Revisiting India’s Culinary Heritage on Sustainable Gastronomy Day

India’s millennia-old culinary heritage intertwines food, culture, nature, and wellbeing. The consonance between topography, climatic conditions and agricultural practices have contributed to the diversity of cuisines across the length and breadth of the country. Dietary practices also have a direct bearing on the physical, emotional, and intellectual being as reflected in the consumption of food with Satvik, Rajasik, or Tamsik characteristics. Furthermore, earthen pots and copper vessels, having scientific properties, have been used for centuries for the purpose of cooking and storing food. Indian culinary heritage, therefore, is more than just the blend of spices, condiments, and nutrition on the platter. It rests on the traditional wisdom of holistic wellbeing and the conscious effort towards maintaining ecological balance.

The realization of the significance of eating healthy and consciously has also dawned upon communities across the world. This has led to trends such as farm-to-fork, green culture diet, and zero-wastage being widely promulgated by food entrepreneurs, high-end fine dining restaurants, and governments alike. Furthermore, with the on-going health crisis tracing origins from wet markets, there is an increasing shift towards a vegetarian diet. A simple example of this is the recent popularity of the Indian-origin Jackfruit that has made been adopted globally as a healthy replacement for meats.

With the idea of preserving and promoting "gastronomy as a cultural expression related to the natural and cultural diversity of the world," the United Nations, in 2016, adopted the resolution to observe June 18th as the Sustainable Gastronomy Day. The Food and Agriculture Organization (FAO) defines sustainable gastronomy as “cuisine that takes into account where the ingredients are from, how the food is grown and how it gets to our markets and eventually to our plates”. This concept has served as an impetus for food enthusiasts and experts to revive regional culinary practices and, recreate cuisines through locally sourced and alternative ingredients.

Regional culinary practices not only add to the diversity of Indian cuisine but also provide insights into local cultures, agricultural patterns, and the suitability of various foods for different occasions. For instance, saffron, known for its heating tendencies, is cultivated in the cold regions of Kashmir and frequently incorporated in winter foods. Similarly, the cultivation of shade-variety of coffee necessitates protecting the green cover and in-turn revering them as sacred habitats. Regional cuisines also narrate local histories and create crafted food experiences. While many local food customs have continued over centuries especially related to festivities, there have also been efforts to revive certain forgotten culinary traditions through research and experimentation. The use of clay ovens and charcoal, or recreating foods from the Indus Valley Civilization and Marathwada region exemplifies this.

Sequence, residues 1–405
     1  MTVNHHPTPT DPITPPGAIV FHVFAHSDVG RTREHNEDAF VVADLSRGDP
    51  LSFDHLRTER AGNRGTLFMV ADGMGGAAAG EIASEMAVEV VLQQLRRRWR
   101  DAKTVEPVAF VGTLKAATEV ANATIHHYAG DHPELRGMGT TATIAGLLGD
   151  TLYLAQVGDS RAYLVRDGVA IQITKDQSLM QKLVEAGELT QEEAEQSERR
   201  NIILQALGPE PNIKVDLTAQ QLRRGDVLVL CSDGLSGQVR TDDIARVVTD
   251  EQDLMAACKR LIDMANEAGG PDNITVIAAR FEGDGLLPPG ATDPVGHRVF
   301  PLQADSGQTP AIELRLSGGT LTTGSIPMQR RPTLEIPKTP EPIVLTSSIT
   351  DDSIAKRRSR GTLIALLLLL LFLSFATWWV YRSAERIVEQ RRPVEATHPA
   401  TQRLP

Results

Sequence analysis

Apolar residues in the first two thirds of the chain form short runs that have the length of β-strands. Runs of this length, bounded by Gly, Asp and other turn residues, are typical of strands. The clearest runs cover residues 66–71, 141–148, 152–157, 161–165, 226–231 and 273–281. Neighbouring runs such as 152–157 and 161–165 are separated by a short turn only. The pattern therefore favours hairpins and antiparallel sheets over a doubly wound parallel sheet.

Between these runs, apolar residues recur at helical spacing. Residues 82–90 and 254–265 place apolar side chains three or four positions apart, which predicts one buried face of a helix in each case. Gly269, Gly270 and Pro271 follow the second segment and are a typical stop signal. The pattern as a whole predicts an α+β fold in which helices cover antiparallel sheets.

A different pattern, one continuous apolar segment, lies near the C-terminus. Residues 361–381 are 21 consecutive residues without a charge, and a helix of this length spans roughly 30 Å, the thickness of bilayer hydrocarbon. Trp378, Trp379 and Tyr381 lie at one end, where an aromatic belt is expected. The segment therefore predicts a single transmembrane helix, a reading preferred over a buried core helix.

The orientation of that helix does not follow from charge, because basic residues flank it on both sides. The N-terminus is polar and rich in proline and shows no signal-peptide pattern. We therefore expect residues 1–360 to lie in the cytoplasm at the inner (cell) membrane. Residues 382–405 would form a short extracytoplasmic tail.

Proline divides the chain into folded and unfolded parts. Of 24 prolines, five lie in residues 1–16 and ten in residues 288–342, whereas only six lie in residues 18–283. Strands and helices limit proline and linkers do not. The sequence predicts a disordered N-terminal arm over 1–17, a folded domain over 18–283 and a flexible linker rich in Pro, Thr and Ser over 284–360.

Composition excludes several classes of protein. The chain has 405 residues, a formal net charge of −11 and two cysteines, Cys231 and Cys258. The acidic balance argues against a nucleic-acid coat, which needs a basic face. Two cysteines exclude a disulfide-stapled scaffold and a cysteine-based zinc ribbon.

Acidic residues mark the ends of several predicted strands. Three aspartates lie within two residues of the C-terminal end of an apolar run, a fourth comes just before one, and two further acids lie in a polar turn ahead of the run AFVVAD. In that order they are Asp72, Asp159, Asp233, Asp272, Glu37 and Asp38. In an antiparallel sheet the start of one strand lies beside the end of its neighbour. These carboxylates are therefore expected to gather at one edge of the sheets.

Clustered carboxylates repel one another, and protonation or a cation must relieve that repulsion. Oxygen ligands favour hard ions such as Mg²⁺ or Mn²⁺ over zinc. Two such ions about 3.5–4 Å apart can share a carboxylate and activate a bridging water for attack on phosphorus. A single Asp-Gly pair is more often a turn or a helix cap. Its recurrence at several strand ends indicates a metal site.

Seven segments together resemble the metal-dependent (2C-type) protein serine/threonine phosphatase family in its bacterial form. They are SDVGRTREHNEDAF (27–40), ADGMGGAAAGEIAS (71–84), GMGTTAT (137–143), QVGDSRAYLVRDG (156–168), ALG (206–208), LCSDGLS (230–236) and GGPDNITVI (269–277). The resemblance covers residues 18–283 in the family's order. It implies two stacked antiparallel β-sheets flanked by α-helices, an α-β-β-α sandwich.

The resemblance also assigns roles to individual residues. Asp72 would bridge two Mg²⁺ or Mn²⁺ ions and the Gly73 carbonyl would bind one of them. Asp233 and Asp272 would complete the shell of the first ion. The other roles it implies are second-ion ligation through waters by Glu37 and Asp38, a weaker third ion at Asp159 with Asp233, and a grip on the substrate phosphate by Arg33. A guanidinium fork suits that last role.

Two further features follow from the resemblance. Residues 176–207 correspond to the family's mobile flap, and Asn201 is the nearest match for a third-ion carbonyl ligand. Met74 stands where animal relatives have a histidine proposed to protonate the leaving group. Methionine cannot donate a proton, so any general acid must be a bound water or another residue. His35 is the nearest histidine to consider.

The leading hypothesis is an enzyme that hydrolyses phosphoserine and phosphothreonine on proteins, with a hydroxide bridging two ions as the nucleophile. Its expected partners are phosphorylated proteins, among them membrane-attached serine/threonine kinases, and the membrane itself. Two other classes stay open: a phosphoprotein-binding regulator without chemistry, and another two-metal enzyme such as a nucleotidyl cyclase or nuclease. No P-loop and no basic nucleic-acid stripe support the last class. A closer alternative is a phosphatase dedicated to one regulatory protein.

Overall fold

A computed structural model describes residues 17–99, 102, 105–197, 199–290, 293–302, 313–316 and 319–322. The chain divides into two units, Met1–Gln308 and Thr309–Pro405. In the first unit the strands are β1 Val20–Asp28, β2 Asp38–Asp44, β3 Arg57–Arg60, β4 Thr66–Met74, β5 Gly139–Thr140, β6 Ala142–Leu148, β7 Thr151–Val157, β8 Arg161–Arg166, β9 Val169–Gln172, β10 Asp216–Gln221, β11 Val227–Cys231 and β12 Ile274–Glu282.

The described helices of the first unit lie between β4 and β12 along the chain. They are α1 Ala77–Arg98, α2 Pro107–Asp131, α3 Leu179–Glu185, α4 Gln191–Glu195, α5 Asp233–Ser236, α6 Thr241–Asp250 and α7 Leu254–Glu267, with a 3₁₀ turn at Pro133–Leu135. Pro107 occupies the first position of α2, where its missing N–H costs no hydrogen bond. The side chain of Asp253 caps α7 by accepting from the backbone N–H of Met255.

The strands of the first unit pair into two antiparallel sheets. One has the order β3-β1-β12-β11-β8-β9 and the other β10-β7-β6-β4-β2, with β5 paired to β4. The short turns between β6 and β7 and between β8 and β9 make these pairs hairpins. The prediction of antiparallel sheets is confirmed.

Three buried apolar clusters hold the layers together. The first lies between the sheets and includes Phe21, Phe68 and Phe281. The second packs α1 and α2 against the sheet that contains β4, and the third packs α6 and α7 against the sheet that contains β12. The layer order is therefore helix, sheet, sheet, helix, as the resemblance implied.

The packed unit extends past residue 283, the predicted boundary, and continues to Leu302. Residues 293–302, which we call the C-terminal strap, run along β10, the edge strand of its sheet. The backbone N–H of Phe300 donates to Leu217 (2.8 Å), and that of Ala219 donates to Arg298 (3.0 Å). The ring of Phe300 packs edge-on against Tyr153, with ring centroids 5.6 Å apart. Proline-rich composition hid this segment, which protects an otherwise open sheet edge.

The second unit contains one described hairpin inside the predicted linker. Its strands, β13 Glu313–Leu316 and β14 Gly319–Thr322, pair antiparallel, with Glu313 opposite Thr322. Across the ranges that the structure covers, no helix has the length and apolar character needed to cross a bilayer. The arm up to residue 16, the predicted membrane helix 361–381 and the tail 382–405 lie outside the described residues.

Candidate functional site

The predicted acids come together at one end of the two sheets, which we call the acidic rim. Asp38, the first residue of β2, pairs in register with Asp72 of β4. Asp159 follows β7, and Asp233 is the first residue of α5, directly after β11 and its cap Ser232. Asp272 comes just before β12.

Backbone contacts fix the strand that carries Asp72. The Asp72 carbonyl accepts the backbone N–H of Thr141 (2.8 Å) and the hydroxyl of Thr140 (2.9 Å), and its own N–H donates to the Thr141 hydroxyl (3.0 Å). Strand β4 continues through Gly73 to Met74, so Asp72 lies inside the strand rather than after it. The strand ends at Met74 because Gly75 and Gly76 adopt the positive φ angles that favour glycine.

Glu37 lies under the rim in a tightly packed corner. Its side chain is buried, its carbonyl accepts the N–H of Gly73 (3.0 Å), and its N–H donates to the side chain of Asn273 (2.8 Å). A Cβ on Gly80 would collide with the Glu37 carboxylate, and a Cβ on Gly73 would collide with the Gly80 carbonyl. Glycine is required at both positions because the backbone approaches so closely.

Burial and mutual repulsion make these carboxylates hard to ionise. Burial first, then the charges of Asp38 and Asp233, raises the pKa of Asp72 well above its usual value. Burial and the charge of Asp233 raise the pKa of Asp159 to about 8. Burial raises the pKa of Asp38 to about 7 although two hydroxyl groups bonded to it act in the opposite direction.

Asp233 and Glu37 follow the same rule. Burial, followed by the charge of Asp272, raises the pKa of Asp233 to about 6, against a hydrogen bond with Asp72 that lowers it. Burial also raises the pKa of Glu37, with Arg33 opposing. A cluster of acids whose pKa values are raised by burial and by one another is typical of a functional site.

Another trend that has led to the popularity of regional and locally sourced foods is their recognition as superfoods. Native to India, moringa and millets, are being adapted in cuisines across the world owing to their immense health benefits. Grown in arid regions and requiring little water, millets like Ragi are also environment and labour friendly. Moreover, foods that are locally sourced and organically cultivated have lesser carbon footprint as compared to processed food, making it healthier and environmentally sustainable choice.

Regional cuisines are also being closely linked to the burgeoning concept of “wellness cuisine” across the globe. In India, this understanding has been deeply entrenched through the millennia-old science and philosophy of Ayurveda. The ancient science speaks at length on the medicinal values as well as the emotional and intellectual impact food practices have on individual wellbeing. Not only does it talk of the healing properties of spices and herbs, or the nutritional composition of grains and vegetables, but also elucidates on the methodology of cooking, consuming, and storing food. Ayurveda and various other Indian texts on gastronomy also mention the direct appeal food has on one’s sensibilities. It is therefore important to cook as well as consume food with compassion and in a calm and focussed state of mind. Internationally, this realization is much recent and has spurred the trend of “mood foods,’ wherein culinary experiences are crafted keeping the emotional quotient in mind. An Ayurvedic diet, when consumed in accordance with the weather cycles, topographical conditions, and energy constitution of the body – represented through the earth, air, and fire element – can, therefore, lead to harmonious sync between the mind, intellect, and physical wellbeing.

India’s gastronomical heritage has a myriad of authentic cuisines, truly reflective of the country’s cultural diversity. The observance of Sustainable Gastronomy Day serves as a reminder to connect with our roots by revisiting India’s traditional food wisdom encapsulated in works such as Bhojanakutahalam and reviving native gastronomical heritage. With the understanding of the linkages between sustainability, wellbeing, and culinary traditions increasing across the globe, and even being reiterated through the UN Sustainable Development Goal, India’s gastronomical wisdom—complemented by the philosophy of yoga—has an immense offering for the world.